In any case there are some developed countries that do not have such debts. I have just returned from Korea which, along with Australia, looks like being the fastest-growing developed economy. Its public debt is around 30 per cent of GDP and, as far as I can calculate, its total debt is under 100 per cent of GDP. And it has achieved this with a heavy defence burden, for obvious reasons, yet been able build high-quality infrastructure. Seoul, like so many cities in East Asia, makes the cities of western Europe and North America look dull and shabby.
So what is going to happen next? The first thing is surely that the two-speed world will continue through this recovery. The West, Europe particularly but also the US, will be increasingly preoccupied by its debts. Much of the fruits of growth will have to go, first in stopping public debt rising further, then starting to pay it off. That will restrict private consumption as well as public spending. Germany has not had any significant rise in living standards over the past decade, while in the case of Japan it is more like the past two decades. Well, we – and other European nations – seem likely to have much the same experience. We are not used to that, or at least not in peacetime. There is, of course, fat to trim in personal budgets (do we really need to drink so much?) as well as government budgets, but it is always hard to adjust downwards.
The second thing is that it looks more and more as there will be a second leg to the downswing. You may have noticed that Finland has just reported a downturn in activity: it is the first country to go into a double dip. We have just had Ben Bernanke, head of the US Federal Reserve, saying that he hoped the US would not experience that, a statement that carries the concern that it might. It is not at all clear whether the US will have that second leg to the recession but given what is happening across Europe it would be surprising if some European economies did not have at least one quarter of negative growth before the end of next year.
The third thing that is going to happen is that we in Europe, and that is all of us, will think differently about public spending. You cannot put people through what will happen over the next five, actually 10, years without them feeling quite differently about the role of the state. We have in effect been lied to – not just in Britain but everywhere – about what the state can provide at any particular level of taxation. And as a result of that lie, we have transferred a huge burden on to our next generation of working people. They have to provide not only for the pensions and healthcare of the retiring workers but also pay interest on the debts that have passed on.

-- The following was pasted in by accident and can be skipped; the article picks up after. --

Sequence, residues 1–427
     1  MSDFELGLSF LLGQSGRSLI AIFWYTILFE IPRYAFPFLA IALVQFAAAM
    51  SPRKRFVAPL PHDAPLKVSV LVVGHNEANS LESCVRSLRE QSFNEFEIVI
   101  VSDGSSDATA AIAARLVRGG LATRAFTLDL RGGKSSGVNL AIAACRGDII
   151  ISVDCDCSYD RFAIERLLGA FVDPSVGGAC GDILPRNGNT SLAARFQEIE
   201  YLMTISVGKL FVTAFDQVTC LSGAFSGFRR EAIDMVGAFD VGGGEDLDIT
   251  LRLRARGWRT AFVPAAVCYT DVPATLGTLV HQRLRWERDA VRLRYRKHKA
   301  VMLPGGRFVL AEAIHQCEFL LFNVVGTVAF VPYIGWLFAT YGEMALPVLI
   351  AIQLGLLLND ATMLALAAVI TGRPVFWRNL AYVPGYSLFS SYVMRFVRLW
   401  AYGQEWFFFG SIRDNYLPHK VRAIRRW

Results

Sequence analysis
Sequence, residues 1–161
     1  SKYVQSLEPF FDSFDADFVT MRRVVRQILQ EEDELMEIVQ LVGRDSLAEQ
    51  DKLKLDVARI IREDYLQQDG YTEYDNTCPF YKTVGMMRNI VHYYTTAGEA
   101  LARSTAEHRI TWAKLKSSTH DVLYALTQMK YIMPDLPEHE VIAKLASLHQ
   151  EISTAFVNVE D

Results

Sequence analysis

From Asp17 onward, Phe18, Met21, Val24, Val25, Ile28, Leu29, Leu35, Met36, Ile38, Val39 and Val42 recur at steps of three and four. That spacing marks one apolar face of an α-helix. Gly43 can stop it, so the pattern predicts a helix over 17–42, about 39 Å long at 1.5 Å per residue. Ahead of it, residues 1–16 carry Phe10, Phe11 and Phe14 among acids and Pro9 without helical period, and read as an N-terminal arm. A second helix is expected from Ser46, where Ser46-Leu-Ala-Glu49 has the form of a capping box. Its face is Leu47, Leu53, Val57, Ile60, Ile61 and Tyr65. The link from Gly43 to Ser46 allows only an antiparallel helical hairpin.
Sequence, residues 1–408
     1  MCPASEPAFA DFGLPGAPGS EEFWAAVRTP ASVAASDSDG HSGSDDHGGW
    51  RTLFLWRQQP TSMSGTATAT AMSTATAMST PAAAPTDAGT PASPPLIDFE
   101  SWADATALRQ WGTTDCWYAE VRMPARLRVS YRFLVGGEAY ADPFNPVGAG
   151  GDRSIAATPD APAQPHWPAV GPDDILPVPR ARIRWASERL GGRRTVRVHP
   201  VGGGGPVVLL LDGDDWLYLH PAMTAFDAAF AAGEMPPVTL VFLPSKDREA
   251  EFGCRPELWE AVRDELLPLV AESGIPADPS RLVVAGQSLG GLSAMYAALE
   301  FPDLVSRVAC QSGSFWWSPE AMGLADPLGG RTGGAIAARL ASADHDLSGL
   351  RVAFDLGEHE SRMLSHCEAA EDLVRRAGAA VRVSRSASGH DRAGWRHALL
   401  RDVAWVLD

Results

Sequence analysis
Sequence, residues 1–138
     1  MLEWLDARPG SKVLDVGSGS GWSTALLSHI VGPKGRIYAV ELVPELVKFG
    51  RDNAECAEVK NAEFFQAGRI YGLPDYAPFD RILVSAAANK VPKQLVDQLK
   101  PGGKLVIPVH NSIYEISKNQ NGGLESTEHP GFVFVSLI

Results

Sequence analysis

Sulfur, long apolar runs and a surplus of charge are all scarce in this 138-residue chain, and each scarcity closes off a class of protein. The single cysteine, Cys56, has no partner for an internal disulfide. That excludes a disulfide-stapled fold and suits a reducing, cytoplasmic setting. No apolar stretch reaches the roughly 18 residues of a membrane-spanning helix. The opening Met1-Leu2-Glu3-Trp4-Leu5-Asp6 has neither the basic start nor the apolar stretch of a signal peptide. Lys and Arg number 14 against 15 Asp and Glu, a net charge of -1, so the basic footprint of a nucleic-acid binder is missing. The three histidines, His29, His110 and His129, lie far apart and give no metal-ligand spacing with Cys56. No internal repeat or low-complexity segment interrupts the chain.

All this is obvious enough. The hardest thing to see is the financial consequences. Will governments try to reduce the real burden of debt by encouraging inflation? There will certainly be a great temptation to do so but the interests of pensioners will be against that and they will be an important political lobby. Look how the possible cut in dividend by BP has become a political issue because of the way it would hit pension funds. Many people think the incentive to inflate will prove irresistible and that is what the gold market is saying. My instinct is that the costs of inflation, in terms of higher interest rates, coupled with the memory of the inflation of the 1970s and 1980s, will check that. But the course of inflation is the great imponderable; what is certain is that the shift of power from West to East will continue.